Peter Hammill is very definitely not a ‘Canterbury Scene’ artist, so you might wonder what a review about him is doing here. Well, please indulge me: he was one of my musical great loves around the time I started a Canterbury scene fanzine – and the Hammill/VdGG fanzine ‘Pilgrims’ was a major influence on me doing so. If you scratch hard enough you might find some links via Guy Evans’ involvement in Mother Gong, Jakko’s appearance on a Long Hello album, Hammill producing a Random Hold album (featuring Bill MacCormick). But that’s not really the point – for me, a Hammill appearance cannot pass by without some sort of comment…
It’s been a long time since I saw a Peter Hammill solo gig. A couple of triumphant Van der Graaf Generator concerts a decade or so ago, around the time that band still had their classic 4 piece line-up, was as close as it got, contrasting with a time in the Nineties when Peter Hammill tours seemed to come around every couple of years. The ageing process, serious illness and I suspect a related slowing in the creative juices, means that Peter Hammill performances are relatively few and far between these days. I almost didn’t go to the gig at the Stoller Hall, a new custom-built concert venue at the Chetham school of music, near Victoria Station in the heart of Manchester, mainly for fear of being disappointed. Hammill gigs are notoriously error-strewn, a bit of a rollercoaster and it’s always slightly amused me that many of his concerts take place at places of musical excellence (such as the Royal Northern College of Music or the Royal Festival Hall). This artist, for all of his many virtues, might struggle to get a gig with too many bands on the basis of his instrumental prowess alone, such is his often approximate mastery of piano and guitar.
Hammill’s physical appearance was something of a shock – a testament to passing years, mainly – dressed in flowing shirt and trousers, both Egyptian cotton white, he cut a ghostly, pallid figure on stage, contrasting with the jet black of grand piano and guitar, with his almost skeletal frame barely impacting on the expanse of the stage and the vastness of the auditorium above. But the voice remained remarkably strong, perhaps not quite with the range of yore, but not lacking in volume or its fabled intensity.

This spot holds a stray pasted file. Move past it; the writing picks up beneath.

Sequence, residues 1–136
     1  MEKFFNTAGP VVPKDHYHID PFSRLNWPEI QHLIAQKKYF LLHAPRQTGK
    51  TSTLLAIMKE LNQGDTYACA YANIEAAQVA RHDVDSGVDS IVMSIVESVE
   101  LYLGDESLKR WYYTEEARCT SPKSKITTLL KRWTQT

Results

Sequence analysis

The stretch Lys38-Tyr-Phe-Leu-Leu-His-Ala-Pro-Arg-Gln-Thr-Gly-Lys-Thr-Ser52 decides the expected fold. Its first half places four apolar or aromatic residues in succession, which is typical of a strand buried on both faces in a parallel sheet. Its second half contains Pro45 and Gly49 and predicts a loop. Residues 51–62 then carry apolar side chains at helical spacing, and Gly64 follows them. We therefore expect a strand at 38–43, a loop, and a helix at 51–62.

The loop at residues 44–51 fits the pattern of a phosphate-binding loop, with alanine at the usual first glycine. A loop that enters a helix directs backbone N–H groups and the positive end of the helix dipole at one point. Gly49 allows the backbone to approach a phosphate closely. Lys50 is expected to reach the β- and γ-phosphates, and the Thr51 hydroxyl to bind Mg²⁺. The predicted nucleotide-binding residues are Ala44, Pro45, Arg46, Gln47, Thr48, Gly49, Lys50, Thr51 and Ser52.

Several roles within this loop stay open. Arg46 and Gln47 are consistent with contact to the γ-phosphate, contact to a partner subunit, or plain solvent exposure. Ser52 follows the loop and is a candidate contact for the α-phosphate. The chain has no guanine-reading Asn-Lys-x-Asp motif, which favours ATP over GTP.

He rattled through a setlist of 17 songs, almost without pausing for breath – there’s less of the slightly kooky banter these days between tracks, even whilst stopping to tune his guitar, and the audience respectively kept its counsel – solo gigs in the past were always punctuated by smartass interjections from the crowd, the fanbase being, like the artist himself, a fairly eclectic, intense lot.
I’d been emailed on the day by an old schoolfriend who attended the Glasgow gig a few days previously – he mentioned 6 highlight tunes (and one which was not). Incredibly, not a single one of these was performed in Manchester, testament to a vast repertoire to draw on, and an ability to recreate them. And there is some ‘re-creation’ going on here – whilst the lyrics remain secure, aided by assorted sheets of paper alongside piano and guitar, Hammill takes liberties with his piano accompaniments, often trying out a fill here or there, deciding whether it works, and then reining things back in if they start to stray off course. On the guitar, it almost appears at times as if he’s revisited old tunes, can’t quite work out the chords he used, and then uses an approximation. At times this is jarring, elsewhere it adds to a sense of innovation. For all that, he felt more fluent on the piano than I remember, and a saving grace was the wonderful sound quality throughout.
Starting with the VdGG classic ‘My Room’, ideal for solo performance, any doubts that Hammill still ‘has it’ were quickly dispelled. The trademark raising of the shoulders as he reaches for the high notes, the alternately sweet and growled delivery, the falling away of the voice at the end of each line – these are all things to cherish. The choice of songs for me was quite inspired – a brilliant ‘Primo On the Parapet’ (a highlight from later albums); two tracks from ‘Over’, for me the apogee of his solo output, with “(On Tuesdays She Used To Do) Yoga” an evocative highlight; two fantastic renditions from the adventurous early 70s albums “Slender Threads” and “Mousetrap”; plus stuff from ‘my’ era as a listener, “Too Many of My Yesterdays” and “A Way Out”, always a mixed blessing with its stark main musical theme sometimes undermined by lyrical cliché. Whilst listening to one of the 2 K Group era tracks, ‘Happy Hour’, again subverted by those slightly out of kilter chords, I was reminded of quite how off the wall even his solo material is – complex, ever-changing themes showing the genius of the man. This was one of many tunes which lyrically referred to performances, either theatrical, circus or musical – the common theme of the night for me.
There were also three tracks (I think) from the latest album ‘From the Trees’, which sounded strong, pared down in terms of vocal range to suit the limits of Hammill’s voice and well worth further exploration. At times whilst straining at the upper end of the musical scale I wanted him to succumb to delivering notes through his wonderful, tender falsetto voice or alternatively really let rip with a scream, but he saved the latter for the final notes of Train Time to bring the concert to a chilling end, standing ovation and all.